[easy-tweet tweet=”Two generations ago, games could not approach photorealism. You know what? I was cool with that.” via=”no” usehashtags=”no”]

Fallout 4 is not the prettiest game I have seen from a technical perspective, but there is a lot going on in the world with fantastic draw distance, and the graphics are passable to me.

Where the game shines is in its portrayal of a dystopian Boston (called Commonwealth) and its many historic areas. The game isn’t as brown and gray as Fallout 3 and features more exciting set pieces (the extra horsepower of modern consoles help).

Introducing Diamond City Radio

One slight disappointment is in the radio. Fallout 4 takes many songs from Fallout 3’s Three-Dog radio and adds new tunes to create a much more diverse playlist.

While adding more radio stations and songs sounds like an automatic win, I can’t help but miss the enthusiastic Three-Dog. His personality jumped off the radio station and made it feel like you had a friend in the D.C. Metro area.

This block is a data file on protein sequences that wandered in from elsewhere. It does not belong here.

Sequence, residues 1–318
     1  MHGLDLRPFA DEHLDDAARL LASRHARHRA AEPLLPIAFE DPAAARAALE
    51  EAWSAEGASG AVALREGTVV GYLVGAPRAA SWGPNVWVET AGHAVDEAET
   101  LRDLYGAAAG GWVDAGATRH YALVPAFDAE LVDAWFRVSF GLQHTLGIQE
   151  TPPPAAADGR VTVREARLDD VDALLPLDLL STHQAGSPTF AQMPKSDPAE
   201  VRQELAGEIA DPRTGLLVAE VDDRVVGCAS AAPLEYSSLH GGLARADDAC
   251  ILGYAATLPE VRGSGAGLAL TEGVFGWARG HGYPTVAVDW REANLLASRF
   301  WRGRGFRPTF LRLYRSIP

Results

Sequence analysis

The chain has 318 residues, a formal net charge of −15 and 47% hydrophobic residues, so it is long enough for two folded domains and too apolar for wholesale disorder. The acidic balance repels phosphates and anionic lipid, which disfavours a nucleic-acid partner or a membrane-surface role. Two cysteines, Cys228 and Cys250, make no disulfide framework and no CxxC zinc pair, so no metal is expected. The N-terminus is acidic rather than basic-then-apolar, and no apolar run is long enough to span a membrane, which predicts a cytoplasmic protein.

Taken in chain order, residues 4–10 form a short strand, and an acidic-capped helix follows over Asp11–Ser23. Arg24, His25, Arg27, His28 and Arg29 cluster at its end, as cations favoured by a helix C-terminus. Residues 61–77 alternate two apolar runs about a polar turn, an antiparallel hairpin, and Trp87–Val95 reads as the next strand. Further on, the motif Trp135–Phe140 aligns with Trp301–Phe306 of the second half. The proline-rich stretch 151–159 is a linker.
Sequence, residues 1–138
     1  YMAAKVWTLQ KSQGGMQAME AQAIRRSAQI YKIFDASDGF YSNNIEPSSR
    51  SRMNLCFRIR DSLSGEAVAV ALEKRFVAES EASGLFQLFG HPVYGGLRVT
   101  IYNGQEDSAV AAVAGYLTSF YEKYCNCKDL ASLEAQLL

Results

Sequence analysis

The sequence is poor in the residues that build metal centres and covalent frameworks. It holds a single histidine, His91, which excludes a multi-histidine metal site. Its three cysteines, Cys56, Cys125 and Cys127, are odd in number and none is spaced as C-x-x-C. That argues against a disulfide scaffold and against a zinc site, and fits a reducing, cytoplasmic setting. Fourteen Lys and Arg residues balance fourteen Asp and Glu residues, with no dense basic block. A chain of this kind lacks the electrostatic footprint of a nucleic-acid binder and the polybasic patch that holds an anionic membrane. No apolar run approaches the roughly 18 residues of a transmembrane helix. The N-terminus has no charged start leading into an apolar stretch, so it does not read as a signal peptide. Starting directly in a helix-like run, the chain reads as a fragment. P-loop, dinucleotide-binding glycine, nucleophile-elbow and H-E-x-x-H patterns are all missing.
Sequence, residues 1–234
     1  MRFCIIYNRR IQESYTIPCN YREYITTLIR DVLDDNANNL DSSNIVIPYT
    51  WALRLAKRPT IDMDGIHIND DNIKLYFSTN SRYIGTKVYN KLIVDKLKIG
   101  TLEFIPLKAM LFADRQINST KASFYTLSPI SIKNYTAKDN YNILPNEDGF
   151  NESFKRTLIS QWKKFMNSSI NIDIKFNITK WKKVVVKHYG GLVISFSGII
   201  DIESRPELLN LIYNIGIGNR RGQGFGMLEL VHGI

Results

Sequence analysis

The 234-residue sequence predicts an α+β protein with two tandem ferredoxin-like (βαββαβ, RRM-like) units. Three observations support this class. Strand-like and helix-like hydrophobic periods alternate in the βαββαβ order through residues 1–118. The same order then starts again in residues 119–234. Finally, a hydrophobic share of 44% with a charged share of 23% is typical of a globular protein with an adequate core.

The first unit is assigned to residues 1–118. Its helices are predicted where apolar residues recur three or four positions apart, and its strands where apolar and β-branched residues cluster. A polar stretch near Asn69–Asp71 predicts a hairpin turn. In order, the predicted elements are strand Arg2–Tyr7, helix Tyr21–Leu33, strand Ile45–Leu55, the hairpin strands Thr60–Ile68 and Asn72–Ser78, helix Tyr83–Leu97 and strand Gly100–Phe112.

Diamond City Radio in Fallout 4 feels boring in comparison.

Fallout 4 is buggy as hell

Fallout 4 has a lot of bugs at the initial launch, and I’m not talking about the Bloatflies.

Even in the video above, we managed to soft-lock the game twice in a pivotal cutscene near the start of the game and had to replay 10 minutes of Fallout 4. I have also seen issues with audio, subtitles, and some gameplay glitches.

Just like Fallout 3, there is a lot of missing polish surrounding incredible ideas, mechanics, and choice. Hopefully these issues get addressed. I would hate to think there are game-ending bugs in here, but I will be saving often.

What do you think about Fallout 4?

How has your experience been with the recently released Fallout 4? Let us know in the comments below!